Managing water in an urban environment is a complex task with multiple facets. Priorities may change from one city to another and from one season to another across the following areas:
Public Water Supply
As shown in the graph below, there is enormous variation in per capita water use between different countries. To an extent, this controlled by the availability of water (as shown by average rainfall), but there is also a big divide between rich countries (shown in blue) and poor ones (shown in orange). This suggests that as we become richer, we use increasing amounts of water. Is this done in a sustainable way?
What more can we do to live within our means?
Whilst the graph above indicates the way in which citizens use their water supply, a key measure of water efficiency is the amount of leakage (sometimes referred to as ‘non-revenue water’) that occurs within the supply network. Even amongst European countries, there are large discrepancies in the proportion of water lost in transmission, as shown below.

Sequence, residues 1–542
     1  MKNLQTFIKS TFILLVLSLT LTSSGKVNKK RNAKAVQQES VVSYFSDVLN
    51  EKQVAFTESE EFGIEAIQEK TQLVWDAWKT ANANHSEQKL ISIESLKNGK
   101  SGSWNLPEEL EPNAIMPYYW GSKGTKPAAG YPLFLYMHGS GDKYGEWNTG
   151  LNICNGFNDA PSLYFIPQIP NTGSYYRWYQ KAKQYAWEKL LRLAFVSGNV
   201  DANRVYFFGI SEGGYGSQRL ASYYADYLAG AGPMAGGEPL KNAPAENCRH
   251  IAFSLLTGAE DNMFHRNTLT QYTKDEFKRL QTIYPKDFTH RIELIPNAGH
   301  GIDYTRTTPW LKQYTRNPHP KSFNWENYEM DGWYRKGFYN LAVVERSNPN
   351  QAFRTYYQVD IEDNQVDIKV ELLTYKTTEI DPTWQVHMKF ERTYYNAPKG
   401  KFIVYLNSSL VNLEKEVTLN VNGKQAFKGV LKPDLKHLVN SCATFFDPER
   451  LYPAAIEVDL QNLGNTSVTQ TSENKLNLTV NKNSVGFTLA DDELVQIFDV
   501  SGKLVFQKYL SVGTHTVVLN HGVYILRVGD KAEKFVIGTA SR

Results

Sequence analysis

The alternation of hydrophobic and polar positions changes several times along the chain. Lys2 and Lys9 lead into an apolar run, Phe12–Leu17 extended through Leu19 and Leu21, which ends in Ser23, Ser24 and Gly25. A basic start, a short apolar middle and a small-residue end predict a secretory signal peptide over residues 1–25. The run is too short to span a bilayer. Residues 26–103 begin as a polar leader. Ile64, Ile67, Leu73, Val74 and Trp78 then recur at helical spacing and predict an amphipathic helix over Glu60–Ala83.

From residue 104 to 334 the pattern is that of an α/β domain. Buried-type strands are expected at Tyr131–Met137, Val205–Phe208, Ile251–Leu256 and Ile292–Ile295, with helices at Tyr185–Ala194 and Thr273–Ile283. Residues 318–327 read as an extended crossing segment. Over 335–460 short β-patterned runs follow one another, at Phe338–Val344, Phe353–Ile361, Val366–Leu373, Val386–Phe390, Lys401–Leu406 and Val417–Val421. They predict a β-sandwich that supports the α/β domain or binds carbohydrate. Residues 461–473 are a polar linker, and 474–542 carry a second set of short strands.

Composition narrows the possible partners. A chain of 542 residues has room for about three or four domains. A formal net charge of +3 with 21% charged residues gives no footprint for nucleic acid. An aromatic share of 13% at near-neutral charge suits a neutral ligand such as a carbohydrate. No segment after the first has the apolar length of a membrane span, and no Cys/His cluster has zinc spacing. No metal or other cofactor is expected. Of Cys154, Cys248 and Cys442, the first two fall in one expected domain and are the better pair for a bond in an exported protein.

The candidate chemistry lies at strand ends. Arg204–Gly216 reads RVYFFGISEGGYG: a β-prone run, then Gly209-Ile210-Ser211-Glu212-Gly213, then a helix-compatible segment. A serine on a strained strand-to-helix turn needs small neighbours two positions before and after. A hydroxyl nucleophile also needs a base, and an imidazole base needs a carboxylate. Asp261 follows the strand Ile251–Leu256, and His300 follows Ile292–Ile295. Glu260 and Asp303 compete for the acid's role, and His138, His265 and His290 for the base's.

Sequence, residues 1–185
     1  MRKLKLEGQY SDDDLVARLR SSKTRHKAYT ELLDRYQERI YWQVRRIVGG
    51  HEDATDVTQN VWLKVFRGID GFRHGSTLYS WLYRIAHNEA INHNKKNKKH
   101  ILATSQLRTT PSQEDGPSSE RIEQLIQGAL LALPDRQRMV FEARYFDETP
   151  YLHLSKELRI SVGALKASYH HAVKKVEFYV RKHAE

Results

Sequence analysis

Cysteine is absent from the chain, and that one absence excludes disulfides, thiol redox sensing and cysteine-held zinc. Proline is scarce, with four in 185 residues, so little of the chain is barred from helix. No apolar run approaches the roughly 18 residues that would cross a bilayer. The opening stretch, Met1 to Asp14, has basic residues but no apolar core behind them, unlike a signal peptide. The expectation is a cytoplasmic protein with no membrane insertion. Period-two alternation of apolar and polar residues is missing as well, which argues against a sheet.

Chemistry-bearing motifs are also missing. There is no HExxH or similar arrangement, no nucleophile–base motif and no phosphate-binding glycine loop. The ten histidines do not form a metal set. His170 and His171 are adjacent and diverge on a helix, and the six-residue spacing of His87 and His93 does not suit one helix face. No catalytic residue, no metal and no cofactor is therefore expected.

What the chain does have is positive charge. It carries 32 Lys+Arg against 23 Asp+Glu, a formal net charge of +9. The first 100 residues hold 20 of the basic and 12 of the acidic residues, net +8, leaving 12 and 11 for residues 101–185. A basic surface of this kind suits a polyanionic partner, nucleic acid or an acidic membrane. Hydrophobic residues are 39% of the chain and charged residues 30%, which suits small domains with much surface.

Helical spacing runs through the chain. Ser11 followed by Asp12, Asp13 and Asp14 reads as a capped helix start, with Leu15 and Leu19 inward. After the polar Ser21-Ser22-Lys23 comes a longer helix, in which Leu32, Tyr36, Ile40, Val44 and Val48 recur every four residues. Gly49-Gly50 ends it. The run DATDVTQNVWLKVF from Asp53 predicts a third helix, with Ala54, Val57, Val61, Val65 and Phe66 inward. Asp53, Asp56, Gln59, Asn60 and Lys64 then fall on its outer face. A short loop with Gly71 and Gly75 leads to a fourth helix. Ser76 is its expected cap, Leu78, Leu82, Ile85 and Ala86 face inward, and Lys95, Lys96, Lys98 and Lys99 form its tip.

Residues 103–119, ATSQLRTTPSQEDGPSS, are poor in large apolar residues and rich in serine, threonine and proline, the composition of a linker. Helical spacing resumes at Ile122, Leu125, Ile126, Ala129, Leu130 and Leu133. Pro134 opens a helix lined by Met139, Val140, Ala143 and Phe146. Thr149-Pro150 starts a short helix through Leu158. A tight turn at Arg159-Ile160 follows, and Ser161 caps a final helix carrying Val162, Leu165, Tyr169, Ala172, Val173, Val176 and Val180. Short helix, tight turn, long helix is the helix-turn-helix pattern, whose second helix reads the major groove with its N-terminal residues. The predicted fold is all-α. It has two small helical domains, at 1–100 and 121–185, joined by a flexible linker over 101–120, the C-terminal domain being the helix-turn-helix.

Although the United Kingdom doesn’t fare badly in this comparison, there remains considerable room for improvement. In the case of London, there is the potential for serious water shortages occur in the coming decades, unless prompt action is taken, including in the reduction of leakages.
A London Perspective
London is approaching a critical period in its water supply history. For the first time in decades, demand is projected to exceed supply, with Thames Water predicting a 10 % deficit by 2025. In response, the office of the Mayor of London has made water supply security a key priority in its infrastructure plan from now until 2050. The proposed actions to address this shortfall focus on encouraging leakage reduction through improved detection and maintenance and encouraging more efficient use, through the use of innovative tariffs, raising public awareness and retrofitting water efficient devices.
You can read more about these measures and other infrastructure plans for London here.